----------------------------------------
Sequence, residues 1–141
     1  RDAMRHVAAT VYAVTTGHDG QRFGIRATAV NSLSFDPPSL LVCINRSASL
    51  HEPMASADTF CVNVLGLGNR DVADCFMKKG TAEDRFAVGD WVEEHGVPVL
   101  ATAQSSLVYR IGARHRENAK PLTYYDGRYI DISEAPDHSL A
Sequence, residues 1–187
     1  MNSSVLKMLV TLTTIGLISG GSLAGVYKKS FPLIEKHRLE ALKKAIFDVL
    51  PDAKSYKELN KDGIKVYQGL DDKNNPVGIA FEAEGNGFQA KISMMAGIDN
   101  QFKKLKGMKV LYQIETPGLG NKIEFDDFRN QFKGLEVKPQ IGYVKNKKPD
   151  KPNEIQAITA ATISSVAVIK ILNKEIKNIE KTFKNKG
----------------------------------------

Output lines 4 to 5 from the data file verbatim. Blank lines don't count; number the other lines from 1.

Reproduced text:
   101  ATAQSSLVYR IGARHRENAK PLTYYDGRYI DISEAPDHSL A
Sequence, residues 1–187